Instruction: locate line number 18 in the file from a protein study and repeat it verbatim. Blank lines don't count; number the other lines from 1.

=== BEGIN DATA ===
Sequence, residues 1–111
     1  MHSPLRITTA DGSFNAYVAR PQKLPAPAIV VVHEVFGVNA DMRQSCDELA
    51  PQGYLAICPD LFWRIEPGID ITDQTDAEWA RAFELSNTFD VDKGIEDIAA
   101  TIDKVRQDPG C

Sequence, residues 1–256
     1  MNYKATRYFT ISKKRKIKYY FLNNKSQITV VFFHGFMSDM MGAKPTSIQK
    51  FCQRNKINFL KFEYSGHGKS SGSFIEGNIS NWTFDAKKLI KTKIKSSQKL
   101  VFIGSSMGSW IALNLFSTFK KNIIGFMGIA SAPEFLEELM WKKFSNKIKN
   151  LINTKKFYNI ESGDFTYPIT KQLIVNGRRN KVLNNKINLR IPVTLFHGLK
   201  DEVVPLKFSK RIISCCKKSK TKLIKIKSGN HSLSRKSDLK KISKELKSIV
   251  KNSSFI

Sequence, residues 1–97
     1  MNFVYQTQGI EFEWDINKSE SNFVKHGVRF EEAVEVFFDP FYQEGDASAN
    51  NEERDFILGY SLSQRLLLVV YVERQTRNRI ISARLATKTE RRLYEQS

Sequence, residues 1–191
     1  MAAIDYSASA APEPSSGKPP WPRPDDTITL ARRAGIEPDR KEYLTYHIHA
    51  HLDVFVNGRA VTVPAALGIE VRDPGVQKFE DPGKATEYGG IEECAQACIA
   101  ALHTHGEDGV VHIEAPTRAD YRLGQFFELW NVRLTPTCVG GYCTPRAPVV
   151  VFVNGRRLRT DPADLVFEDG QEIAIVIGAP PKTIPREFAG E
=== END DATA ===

   101  ALHTHGEDGV VHIEAPTRAD YRLGQFFELW NVRLTPTCVG GYCTPRAPVV